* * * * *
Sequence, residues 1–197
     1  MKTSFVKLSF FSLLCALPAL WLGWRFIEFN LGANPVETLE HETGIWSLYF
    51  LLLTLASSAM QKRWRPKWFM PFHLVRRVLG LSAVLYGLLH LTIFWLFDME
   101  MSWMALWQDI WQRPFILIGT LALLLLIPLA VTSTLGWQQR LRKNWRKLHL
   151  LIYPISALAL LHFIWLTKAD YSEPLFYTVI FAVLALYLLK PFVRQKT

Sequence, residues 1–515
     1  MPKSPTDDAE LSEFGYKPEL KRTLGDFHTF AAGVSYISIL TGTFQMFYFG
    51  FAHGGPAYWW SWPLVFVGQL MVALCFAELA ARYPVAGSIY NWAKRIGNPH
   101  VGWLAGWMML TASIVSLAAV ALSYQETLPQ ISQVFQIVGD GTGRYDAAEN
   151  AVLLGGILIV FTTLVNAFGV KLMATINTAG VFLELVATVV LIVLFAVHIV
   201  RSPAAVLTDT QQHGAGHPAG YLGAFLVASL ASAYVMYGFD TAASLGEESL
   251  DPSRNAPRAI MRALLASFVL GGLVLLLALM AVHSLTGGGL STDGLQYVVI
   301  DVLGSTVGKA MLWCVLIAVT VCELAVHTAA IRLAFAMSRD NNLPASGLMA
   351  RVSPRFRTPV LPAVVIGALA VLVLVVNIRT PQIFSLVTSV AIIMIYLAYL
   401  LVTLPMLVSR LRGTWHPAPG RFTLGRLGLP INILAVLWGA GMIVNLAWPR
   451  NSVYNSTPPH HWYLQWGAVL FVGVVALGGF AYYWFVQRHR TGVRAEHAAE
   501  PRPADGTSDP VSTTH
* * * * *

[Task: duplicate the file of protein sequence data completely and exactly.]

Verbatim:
Sequence, residues 1–197
     1  MKTSFVKLSF FSLLCALPAL WLGWRFIEFN LGANPVETLE HETGIWSLYF
    51  LLLTLASSAM QKRWRPKWFM PFHLVRRVLG LSAVLYGLLH LTIFWLFDME
   101  MSWMALWQDI WQRPFILIGT LALLLLIPLA VTSTLGWQQR LRKNWRKLHL
   151  LIYPISALAL LHFIWLTKAD YSEPLFYTVI FAVLALYLLK PFVRQKT

Sequence, residues 1–515
     1  MPKSPTDDAE LSEFGYKPEL KRTLGDFHTF AAGVSYISIL TGTFQMFYFG
    51  FAHGGPAYWW SWPLVFVGQL MVALCFAELA ARYPVAGSIY NWAKRIGNPH
   101  VGWLAGWMML TASIVSLAAV ALSYQETLPQ ISQVFQIVGD GTGRYDAAEN
   151  AVLLGGILIV FTTLVNAFGV KLMATINTAG VFLELVATVV LIVLFAVHIV
   201  RSPAAVLTDT QQHGAGHPAG YLGAFLVASL ASAYVMYGFD TAASLGEESL
   251  DPSRNAPRAI MRALLASFVL GGLVLLLALM AVHSLTGGGL STDGLQYVVI
   301  DVLGSTVGKA MLWCVLIAVT VCELAVHTAA IRLAFAMSRD NNLPASGLMA
   351  RVSPRFRTPV LPAVVIGALA VLVLVVNIRT PQIFSLVTSV AIIMIYLAYL
   401  LVTLPMLVSR LRGTWHPAPG RFTLGRLGLP INILAVLWGA GMIVNLAWPR
   451  NSVYNSTPPH HWYLQWGAVL FVGVVALGGF AYYWFVQRHR TGVRAEHAAE
   501  PRPADGTSDP VSTTH